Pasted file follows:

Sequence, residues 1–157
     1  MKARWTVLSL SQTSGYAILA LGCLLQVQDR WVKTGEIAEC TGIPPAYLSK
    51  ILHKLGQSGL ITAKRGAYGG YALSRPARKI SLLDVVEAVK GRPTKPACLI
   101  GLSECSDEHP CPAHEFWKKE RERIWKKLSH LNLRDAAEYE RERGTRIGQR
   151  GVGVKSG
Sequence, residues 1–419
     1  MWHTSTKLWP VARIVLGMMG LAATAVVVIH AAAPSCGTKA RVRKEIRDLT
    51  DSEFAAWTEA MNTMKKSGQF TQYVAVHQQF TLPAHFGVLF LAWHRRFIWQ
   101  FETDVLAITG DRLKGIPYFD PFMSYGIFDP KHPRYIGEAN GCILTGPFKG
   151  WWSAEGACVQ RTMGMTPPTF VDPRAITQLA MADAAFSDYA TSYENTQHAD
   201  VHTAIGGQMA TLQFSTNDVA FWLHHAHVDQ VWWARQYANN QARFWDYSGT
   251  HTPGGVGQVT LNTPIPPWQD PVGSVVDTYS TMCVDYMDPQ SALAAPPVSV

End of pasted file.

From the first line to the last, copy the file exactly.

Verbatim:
Sequence, residues 1–157
     1  MKARWTVLSL SQTSGYAILA LGCLLQVQDR WVKTGEIAEC TGIPPAYLSK
    51  ILHKLGQSGL ITAKRGAYGG YALSRPARKI SLLDVVEAVK GRPTKPACLI
   101  GLSECSDEHP CPAHEFWKKE RERIWKKLSH LNLRDAAEYE RERGTRIGQR
   151  GVGVKSG
Sequence, residues 1–419
     1  MWHTSTKLWP VARIVLGMMG LAATAVVVIH AAAPSCGTKA RVRKEIRDLT
    51  DSEFAAWTEA MNTMKKSGQF TQYVAVHQQF TLPAHFGVLF LAWHRRFIWQ
   101  FETDVLAITG DRLKGIPYFD PFMSYGIFDP KHPRYIGEAN GCILTGPFKG
   151  WWSAEGACVQ RTMGMTPPTF VDPRAITQLA MADAAFSDYA TSYENTQHAD
   201  VHTAIGGQMA TLQFSTNDVA FWLHHAHVDQ VWWARQYANN QARFWDYSGT
   251  HTPGGVGQVT LNTPIPPWQD PVGSVVDTYS TMCVDYMDPQ SALAAPPVSV